Ted's Hiking World Twenty Lakes Basin Loop
Hoover Wilderness

September 8, 2006

Having stayed overnight in the convenient little town of Lee Vining, I head out early up the beautiful Tioga Pass Road.  Although this eastern approach to Yosemite isn't nearly as interesting or exciting as it was forty years ago, when it featured numerous switchbacks and a one-lane bridge that hung hammock-like off the side of a cliff, it still is spectacular today.  A couple of miles short of the park entrance, a road sign points to the right toward Saddlebag Lake.

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Approaching Tioga Pass

A tiny cafe at the marina provides a satisfying pancake breakfast.  Eating at an outdoor table, I await the boat taxi which will whisk me across the lake and save three round-trip miles of relatively uninteresting walking.  Saddlebag Lake itself is not the reason for coming here.

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The boat taxi is quite popular

It is a perfectly calm, delightful 60° as I hit the trail.  Immediately after crossing into the Hoover Wilderness, the first scenic stop is Greenstone Lake, with lopsided North Peak dominating the background.

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Greenstone Lake

Not much farther ahead is the skinny, yet charming Wasco Lake, behind which looms Mount Conness and its accompanying glacier.  Behind that spectacular ridge lies Yosemite Park.

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Conness Glacier and Mount Conness, 12590*

A look back down the trail reveals a wonderful trio of lakes lined up for my camera.  Interestingly enough, these bodies drain southward into Tioga Canyon, whereas most of the basin's water flows northward into Lundy Canyon.  Either way, the water winds up supporting the brine shrimp and seagulls in Mono Lake to the east.

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An unnamed pond, then Greenstone Lake, then Saddlebag Lake

Not bad for Great Basin scenery, eh?  The $9 boat ride already has paid for itself, and I haven't walked a mile yet!

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North Peak, 12242*

The trail runs due north past the mountain to Steelhead Lake, which sports its own waterfall.  There is more to explore between here and the peak; but for some reason I have decided to stay on the main loop today.

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Steelhead Lake

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An unnamed pond in front of the Tioga Crest

A tricky log crossing turns the trail eastward alongside Excelsior Lake.  In this area are the only flowers I would see today.

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Crossing to Excelsior Lake

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Asters, Daisies, and Paintbrush

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Ranger's Buttons

The path disintegrates into a rough talus jumble, through which one can barely make out a route used by others.  Having nice protective boots would have been a big plus here.  My lightweight hikers are not getting the job done.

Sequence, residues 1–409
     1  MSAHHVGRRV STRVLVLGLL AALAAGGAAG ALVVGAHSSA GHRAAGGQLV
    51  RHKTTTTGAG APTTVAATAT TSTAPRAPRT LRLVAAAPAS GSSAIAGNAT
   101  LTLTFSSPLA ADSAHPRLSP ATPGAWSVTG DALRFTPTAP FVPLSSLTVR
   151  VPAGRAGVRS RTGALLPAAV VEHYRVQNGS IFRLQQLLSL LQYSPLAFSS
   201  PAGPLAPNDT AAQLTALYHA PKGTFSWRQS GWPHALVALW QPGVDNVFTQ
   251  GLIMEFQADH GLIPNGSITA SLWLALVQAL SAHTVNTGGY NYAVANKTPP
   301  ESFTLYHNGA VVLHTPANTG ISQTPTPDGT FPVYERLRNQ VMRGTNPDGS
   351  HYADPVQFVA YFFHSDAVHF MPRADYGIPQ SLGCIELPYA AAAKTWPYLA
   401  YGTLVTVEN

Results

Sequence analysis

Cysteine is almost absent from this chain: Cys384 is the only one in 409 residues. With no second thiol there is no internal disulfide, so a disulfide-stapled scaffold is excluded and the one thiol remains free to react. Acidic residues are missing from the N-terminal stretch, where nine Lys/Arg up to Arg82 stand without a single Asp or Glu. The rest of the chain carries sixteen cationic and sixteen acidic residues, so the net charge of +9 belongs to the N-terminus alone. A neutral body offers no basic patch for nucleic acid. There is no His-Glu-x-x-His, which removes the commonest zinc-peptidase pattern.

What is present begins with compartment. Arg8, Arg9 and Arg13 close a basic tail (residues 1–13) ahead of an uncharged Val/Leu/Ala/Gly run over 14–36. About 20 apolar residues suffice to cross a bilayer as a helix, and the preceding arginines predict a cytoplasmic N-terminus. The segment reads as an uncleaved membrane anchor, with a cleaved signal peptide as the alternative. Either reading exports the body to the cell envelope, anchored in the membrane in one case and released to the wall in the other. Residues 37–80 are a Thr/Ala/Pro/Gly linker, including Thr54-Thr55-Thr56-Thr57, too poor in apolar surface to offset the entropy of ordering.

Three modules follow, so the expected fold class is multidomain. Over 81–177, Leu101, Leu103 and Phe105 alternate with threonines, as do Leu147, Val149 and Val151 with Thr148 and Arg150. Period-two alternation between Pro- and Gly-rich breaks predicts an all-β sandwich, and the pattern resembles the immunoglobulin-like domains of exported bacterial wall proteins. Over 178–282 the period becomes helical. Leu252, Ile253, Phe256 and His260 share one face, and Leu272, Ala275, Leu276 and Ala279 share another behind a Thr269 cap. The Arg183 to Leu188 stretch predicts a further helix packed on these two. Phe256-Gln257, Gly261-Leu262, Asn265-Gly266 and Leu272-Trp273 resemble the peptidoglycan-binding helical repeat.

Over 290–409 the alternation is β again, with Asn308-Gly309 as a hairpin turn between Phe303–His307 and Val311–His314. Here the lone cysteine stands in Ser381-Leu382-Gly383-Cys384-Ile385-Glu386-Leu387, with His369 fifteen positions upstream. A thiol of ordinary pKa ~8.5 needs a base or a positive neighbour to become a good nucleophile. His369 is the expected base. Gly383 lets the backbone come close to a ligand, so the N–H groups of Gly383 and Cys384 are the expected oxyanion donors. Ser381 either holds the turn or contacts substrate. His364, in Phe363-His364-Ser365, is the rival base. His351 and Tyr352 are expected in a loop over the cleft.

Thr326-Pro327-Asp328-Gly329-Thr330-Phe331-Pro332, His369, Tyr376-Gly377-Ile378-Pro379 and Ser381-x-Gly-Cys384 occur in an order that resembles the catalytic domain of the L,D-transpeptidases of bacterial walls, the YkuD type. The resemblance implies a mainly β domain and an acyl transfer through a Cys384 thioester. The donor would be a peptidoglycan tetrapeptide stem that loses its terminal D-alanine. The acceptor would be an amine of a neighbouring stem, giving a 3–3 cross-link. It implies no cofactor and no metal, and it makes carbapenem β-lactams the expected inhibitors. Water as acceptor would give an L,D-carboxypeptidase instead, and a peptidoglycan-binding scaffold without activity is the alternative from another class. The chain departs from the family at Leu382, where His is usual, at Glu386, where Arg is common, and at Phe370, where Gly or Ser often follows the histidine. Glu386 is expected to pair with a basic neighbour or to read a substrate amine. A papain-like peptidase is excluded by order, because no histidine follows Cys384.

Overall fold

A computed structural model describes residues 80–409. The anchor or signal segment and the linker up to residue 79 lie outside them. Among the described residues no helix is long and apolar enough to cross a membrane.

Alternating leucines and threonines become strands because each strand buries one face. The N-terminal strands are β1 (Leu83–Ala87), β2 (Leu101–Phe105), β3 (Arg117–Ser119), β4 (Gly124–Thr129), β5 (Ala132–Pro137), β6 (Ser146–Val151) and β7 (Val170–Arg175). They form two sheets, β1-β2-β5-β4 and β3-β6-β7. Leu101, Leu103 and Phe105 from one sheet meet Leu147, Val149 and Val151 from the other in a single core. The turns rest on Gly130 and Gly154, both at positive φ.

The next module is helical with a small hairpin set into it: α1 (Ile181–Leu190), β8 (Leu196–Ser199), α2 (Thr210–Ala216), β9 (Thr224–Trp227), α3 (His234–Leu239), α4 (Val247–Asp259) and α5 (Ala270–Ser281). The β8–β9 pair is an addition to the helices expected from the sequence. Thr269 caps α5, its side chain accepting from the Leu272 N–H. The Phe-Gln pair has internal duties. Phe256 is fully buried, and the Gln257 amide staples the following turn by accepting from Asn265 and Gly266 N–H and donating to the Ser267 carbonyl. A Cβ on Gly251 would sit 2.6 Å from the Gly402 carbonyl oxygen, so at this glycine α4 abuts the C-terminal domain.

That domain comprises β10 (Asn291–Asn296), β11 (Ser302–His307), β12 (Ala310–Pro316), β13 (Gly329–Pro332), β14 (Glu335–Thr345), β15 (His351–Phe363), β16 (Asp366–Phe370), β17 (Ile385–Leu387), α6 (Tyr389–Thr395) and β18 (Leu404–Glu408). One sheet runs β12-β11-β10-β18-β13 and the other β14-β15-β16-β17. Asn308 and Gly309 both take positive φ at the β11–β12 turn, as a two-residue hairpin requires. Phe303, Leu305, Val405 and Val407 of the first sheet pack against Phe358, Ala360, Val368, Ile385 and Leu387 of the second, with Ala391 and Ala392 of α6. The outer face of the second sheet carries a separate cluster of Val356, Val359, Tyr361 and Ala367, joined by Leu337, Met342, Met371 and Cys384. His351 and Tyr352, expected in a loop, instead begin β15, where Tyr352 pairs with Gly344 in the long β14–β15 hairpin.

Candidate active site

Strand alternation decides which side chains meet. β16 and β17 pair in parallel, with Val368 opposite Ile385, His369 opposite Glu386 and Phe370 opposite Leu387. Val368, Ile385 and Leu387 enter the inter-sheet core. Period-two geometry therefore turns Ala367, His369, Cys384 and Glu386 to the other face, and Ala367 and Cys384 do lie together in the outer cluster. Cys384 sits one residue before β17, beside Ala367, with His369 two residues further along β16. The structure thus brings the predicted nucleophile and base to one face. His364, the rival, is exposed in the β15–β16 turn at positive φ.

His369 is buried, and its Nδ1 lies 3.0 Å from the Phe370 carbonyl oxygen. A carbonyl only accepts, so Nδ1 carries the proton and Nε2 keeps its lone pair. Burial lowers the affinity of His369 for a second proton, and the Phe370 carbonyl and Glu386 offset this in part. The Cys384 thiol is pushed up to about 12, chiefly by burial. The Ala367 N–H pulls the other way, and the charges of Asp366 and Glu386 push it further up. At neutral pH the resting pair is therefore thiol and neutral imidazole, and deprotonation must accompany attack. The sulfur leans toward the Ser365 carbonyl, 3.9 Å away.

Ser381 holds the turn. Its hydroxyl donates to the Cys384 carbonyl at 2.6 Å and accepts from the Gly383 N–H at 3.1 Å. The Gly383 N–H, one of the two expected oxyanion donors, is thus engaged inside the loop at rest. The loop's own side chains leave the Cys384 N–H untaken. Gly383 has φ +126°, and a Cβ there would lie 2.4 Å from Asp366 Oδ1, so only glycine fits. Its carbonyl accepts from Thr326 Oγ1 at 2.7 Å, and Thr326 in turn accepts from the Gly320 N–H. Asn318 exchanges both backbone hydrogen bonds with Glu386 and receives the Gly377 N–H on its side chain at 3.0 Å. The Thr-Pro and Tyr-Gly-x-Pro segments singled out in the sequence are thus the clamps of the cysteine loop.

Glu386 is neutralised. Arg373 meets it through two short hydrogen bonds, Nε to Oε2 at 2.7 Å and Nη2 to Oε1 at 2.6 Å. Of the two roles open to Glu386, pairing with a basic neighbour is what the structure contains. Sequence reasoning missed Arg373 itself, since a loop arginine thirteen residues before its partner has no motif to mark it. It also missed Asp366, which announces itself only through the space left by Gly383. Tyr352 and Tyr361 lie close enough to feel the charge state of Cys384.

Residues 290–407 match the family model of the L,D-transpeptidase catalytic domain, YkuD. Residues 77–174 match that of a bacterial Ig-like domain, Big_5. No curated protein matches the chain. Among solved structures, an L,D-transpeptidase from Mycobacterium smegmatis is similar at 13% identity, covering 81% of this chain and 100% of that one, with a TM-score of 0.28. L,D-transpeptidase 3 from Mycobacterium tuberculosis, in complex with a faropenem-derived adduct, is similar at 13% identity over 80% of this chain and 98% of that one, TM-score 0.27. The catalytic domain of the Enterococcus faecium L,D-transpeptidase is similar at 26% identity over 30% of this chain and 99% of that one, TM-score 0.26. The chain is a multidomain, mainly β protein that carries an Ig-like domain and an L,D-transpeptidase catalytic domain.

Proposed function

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Shamrock Lake

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The trail is wherever one chooses to make it

At the northeast corner of today's route is Lake Helen — verdant on one side, yet starkly arid on the other.

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Approaching Lake Helen

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Snow banks linger

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Falls on Mill Creek

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Conness Glacier and North Peak

Lake Helen outlets northward into Lundy Canyon.  There are some awesome cascades just a mile down in that direction; but that's the stuff of another hike.

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Junction to Lundy Canyon

The trail turns south, skirting the lake shore with barely room for a footpath.  A jumble of scree is negotiated on the slope of Lundy Pass.  Although they aren't visible in the photo, a couple of hikers are enjoying a snack underneath the snow bank.

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Lundy Pass

At the top of the pass I take a backward glance at Lake Helen.  The route ahead is much drier than on the western side of the basin.

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Lake Helen

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Interesting geology

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Odell Lake

This loop route bypasses a number of other lakes which are not visible from the established trail, such as Twin Lakes and Z Lake.  I must detour and visit them sometime.

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A lonesome stretch

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Hummingbird Lake

As the ubiquitous Mount Dana comes into view six miles to the south, I resolve to climb it sometime before I grow too old to make it.  They say it can be a life-altering experience.

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Mount Dana, Yosemite's second-highest at 13057*

I arrive at the boat dock an hour ahead of schedule; I guess I should have done some more exploring.  Although my ticket is for a later reservation, the next boat to show up has some spare room.  This is good, because home is five hours away.

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Saddlebag Lake Resort


§: It is quite beautiful in this basin, albeit typical of Eastern-Sierra scenery.  There is much more to explore, including the off-trail Conness Lakes in the Hall Natural Area just below the glacier.  Mount Conness itself is a popular Class-3 climbing destination involving 3,400 feet of ascent from this side; a Class-2 route is available via a backpack from Tuolumne Meadows.

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